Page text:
We want to follow a standard to facilitate:

- use in existing scikit-learn-based workflows
- easy comparisons to other methods in scikit-learn

- scikit-learn is a ML library developed by many people
- The consistent API makes trying different ML algorithms easy.
- It allows users to implement their own estimators.
- helper functions for input validation, preprocessing, testing, etc.
**key feature:**`sklearn.utils.estimator_checks.check_estimator`

to check API conformity of a custom estimator (free tests!)

- It facilitates 2 big ML challenges:
- pipelines of transformations
- e.g., extract features, transform/standardize values, fit model

- gridsearch over hyperparameters (more on this later)

- pipelines of transformations

- For models, we need to implement a
`fit(X, y)`

and`predict(X)`

- optionally, also
`predict_proba(X)`

, etc.

- optionally, also
`__init__`

should just attach arguments`fit`

does a lot of what`__init__`

normally does`fit`

usually sets instance attributes (e.g.,`model.coef_`

)

- everything should be serializable with
`pickle`

`joblib`

, used by grid search, expects things to be serializable

- mixins for different model types
`RegressorMixin`

,`ClassifierMixin`

- follows scikit-learn's API
- GPU support through TensorFlow
- sparse and dense matrix support
- generic base class + regressor and classifier subclasses
- classifier supports binary, multiclass, and multilabel binary classification

- called MuFFNN (Multilayer Feed-Forward Neural Network)

`sklearn.neural_network.MLPClassifier`

(and`MLPRegressor`

)- CPU-only, no GPU support
- may be difficult to customize (e.g., new learning algorithms)

`tensorflow.learn`

- included with TensorFlow in a
`contrib`

section - doesn't quite follow scikit-learn interface (last I checked)
- e.g.,
`__init__`

does more than attach arguments - possibly difficult to use with grid search and pipelines

- e.g.,
- extra support for out-of-core, minibatch learning (
`DataFeeder`

classes)

- included with TensorFlow in a
`keras.wrappers.scikit_learn.KerasClassifier`

- If you implement a model using keras, this can make it follow scikit-learn's API.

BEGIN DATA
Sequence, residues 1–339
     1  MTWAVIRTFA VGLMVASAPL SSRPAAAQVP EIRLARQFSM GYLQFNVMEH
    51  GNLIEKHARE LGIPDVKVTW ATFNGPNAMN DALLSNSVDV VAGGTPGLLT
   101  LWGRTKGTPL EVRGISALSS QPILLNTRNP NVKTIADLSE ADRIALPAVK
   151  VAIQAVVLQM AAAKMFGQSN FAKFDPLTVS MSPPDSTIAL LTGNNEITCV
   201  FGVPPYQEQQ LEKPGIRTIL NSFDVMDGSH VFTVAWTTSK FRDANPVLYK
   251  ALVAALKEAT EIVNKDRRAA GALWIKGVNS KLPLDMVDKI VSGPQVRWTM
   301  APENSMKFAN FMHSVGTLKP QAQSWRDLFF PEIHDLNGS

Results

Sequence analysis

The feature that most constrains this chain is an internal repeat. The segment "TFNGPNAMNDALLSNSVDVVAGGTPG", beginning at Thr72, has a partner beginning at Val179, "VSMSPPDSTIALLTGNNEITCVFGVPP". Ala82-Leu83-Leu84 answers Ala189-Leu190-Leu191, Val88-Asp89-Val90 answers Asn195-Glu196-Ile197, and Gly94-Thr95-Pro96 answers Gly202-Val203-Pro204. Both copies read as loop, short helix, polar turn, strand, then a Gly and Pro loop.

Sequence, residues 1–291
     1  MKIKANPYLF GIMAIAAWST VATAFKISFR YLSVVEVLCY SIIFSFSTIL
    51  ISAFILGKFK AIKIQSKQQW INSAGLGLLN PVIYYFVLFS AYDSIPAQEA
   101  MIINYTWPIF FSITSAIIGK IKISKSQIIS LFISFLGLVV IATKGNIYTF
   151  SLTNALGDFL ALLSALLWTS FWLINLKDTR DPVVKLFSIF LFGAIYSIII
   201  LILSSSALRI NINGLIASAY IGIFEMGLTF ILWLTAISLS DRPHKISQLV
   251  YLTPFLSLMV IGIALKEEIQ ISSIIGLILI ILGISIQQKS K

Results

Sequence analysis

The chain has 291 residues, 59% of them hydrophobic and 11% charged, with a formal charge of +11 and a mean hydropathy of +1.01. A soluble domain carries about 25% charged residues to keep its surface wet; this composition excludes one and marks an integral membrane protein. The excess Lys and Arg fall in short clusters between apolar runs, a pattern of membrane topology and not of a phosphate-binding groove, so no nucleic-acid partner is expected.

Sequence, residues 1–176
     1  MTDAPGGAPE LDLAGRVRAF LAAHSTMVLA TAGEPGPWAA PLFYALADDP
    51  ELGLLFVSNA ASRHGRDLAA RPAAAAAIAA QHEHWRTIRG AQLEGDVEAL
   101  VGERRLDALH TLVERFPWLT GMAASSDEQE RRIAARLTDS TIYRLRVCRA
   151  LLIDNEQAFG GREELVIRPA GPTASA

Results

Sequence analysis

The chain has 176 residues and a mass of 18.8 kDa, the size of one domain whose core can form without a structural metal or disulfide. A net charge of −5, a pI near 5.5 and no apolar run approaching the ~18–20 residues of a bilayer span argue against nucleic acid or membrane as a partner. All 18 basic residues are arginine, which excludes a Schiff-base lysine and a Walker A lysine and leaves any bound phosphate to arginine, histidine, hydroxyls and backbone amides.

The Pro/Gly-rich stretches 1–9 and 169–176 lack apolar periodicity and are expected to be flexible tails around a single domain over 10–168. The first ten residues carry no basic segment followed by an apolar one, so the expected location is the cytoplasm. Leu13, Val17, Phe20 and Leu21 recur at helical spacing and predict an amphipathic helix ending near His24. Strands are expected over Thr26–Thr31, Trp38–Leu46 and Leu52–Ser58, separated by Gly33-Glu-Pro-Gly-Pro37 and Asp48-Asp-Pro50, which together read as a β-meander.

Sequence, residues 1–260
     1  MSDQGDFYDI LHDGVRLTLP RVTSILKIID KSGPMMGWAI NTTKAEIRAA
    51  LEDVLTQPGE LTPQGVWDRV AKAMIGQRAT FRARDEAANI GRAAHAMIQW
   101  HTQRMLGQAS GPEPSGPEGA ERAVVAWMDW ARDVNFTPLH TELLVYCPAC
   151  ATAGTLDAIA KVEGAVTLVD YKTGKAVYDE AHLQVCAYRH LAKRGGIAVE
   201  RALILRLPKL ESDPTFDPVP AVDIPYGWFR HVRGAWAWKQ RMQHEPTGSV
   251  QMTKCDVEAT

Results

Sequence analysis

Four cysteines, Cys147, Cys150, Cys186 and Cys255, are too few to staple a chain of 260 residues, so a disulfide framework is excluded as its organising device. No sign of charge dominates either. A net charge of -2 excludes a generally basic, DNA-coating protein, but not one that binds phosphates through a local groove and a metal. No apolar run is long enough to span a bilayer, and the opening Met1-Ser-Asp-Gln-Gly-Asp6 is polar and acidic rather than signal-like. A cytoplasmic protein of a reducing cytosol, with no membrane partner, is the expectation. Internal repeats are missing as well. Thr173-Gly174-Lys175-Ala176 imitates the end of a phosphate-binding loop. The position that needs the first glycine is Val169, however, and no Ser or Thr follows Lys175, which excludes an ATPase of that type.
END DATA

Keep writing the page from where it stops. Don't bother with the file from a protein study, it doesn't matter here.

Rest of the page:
- possibly slightly less flexible than TensorFlow.

Note: I've removed some code and most documentation here for simplicity.

```
class MLPBaseEstimator(BaseEstimator, metaclass=ABCMeta):
def _preprocess_targets(self, y):
# Subclasses can override this to store information about the targets.
return y
def fit(self, X, y, monitor=None):
...
y = self._preprocess_targets(y)
self.graph_ = Graph()
with self.graph_.as_default():
# Define the model (We'll get to this in a minute).
self._init_model()
# Initialize weights.
self._session = tf.Session()
self._session.run(tf.initialize_all_variables())
...
# Minibatch training.
for epoch in range(self.n_epochs):
random_state.shuffle(indices)
for start_idx in range(0, n_examples, batch_size):
# Make the dictionary assigning a minibatch of training
# examples (pair of arrays) to TensorFlow placeholders.
batch_ind = indices[start_idx:start_idx + batch_size]
feed_dict = self._make_feed_dict(X[batch_ind],
y[batch_ind])
# Compute objective function and gradients and update weights.
obj_val, _ = self._session.run(
[self._obj_func, self._train_step],
feed_dict=feed_dict)
...
return self
```

```
...
@abstractmethod
def _init_model_output(self, t):
pass
@abstractmethod
def _init_model_objective_fn(self, t):
pass
@abstractmethod
def predict(self, X):
pass
```

```
...
def _init_model(self):
# A placeholder variable to control dropout for training vs. prediction.
self._dropout = \
tf.placeholder(dtype=np.float32, shape=(), name="dropout")
# Input layers.
if self.is_sparse_:
...
else:
self._input_values = \
tf.placeholder(np.float32, [None, self.input_layer_sz_],
"input_values")
t = self._input_values
# Hidden layers (self.hidden_units is a list of ints for HL sizes)
for i, layer_sz in enumerate(self.hidden_units):
if self.is_sparse_ ...:
...
else:
t = tf.nn.dropout(t, keep_prob=self._dropout)
t = _affine(t, layer_sz, scope='layer_%d' % i)
t = t if self.activation is None else self.activation(t)
# The output layer and objective function depend on the model.
t = self._init_model_output(t)
self._init_model_objective_fn(t)
# Set the training algorithm, which is currently not configurable.
self._train_step = tf.train.AdamOptimizer().minimize(self._obj_func)
...
```

In [25]:

```
# You can't pickle some TensorFlow objects, at least as of version 0.10.0rc0.
import pickle
try:
g = tf.Graph()
pickle.dumps(g)
except TypeError:
print("You can't pickle a tf.Graph")
try:
with tf.Session() as sess:
pickle.dumps(sess)
except TypeError:
print("You can't pickle a tf.Session.")
```

You can't pickle a tf.Graph You can't pickle a tf.Session.

- TensorFlow has a
`Saver`

class that writes models and parameters to disk. - One can override
`__getstate__`

, the method`pickle`

uses to get an instance's data. - A not-so-elegent workaround to support TF pickling:
- write the model to disk
- read it in as bytes
- pickle

- unpickling is the reverse

```
...
# Used when saving:
def __getstate__(self):
# Write out the model.
...
if getattr(self, '_fitted', False):
tempfile = NamedTemporaryFile(delete=False)
tempfile.close()
try:
# Serialize the model and read it so it can be pickled.
self._saver.save(self._session, tempfile.name)
with open(tempfile.name, 'rb') as f:
saved_model = f.read()
finally:
os.unlink(tempfile.name)
...